“The Homesman”: The Old West Gets More and More Savage as Time Goes On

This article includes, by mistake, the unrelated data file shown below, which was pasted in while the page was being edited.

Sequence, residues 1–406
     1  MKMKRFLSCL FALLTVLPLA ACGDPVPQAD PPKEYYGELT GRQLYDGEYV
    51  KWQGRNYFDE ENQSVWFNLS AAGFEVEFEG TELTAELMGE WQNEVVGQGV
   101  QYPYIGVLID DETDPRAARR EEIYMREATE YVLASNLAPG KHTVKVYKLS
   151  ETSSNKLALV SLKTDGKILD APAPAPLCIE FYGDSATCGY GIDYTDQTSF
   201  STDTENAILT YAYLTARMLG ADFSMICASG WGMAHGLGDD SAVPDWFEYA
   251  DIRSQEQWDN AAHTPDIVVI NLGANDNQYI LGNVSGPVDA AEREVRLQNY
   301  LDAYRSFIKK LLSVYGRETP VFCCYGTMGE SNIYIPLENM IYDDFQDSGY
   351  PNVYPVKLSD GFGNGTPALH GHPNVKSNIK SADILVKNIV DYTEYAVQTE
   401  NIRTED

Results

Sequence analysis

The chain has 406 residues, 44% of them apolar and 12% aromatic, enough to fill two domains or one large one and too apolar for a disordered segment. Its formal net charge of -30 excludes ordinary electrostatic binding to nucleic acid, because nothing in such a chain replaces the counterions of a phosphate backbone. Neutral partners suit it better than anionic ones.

Two decades after Unforgiven and four after The Wild Bunch, are revisionist Westerns a thing anymore? Even if they are, Tommy Lee Jones' The Homesman is less of a revisionist Western and more of a tone poem on just how unfair, miserable, and downright rapey life was on the frontier. When none of the men in town are willing to sack up and transport three insane women (Miranda Otto, Sonja Richter, and Grace Gummer) from Nebraska to Iowa, unmarried pioneer Mary Bee (Hilary Swank) volunteers to take them, enlisting grizzled claim-jumper George (Jones) to escort them across the hostile territory. George is like Rooster Cogburn if still having both eyes to see the world resulted in a deep melancholy, that kind of world-weariness that Jones does so well, and the picture's True Grittiness is nodded to by a brief appearance by Hailee Steinfeld from Joel and Ethan Coens' film. Indeed, The Homesman is packed with top-notch actors who probably didn't need to hear more than “a Western directed by Tommy Lee Jones” to be convinced to play small roles, such as John Lithgow, James Spader, Jesse Plemons, Meryl Streep, and William Fichtner — who, between this and The Lone Ranger, has been in both the best and the worst Westerns in recent years.

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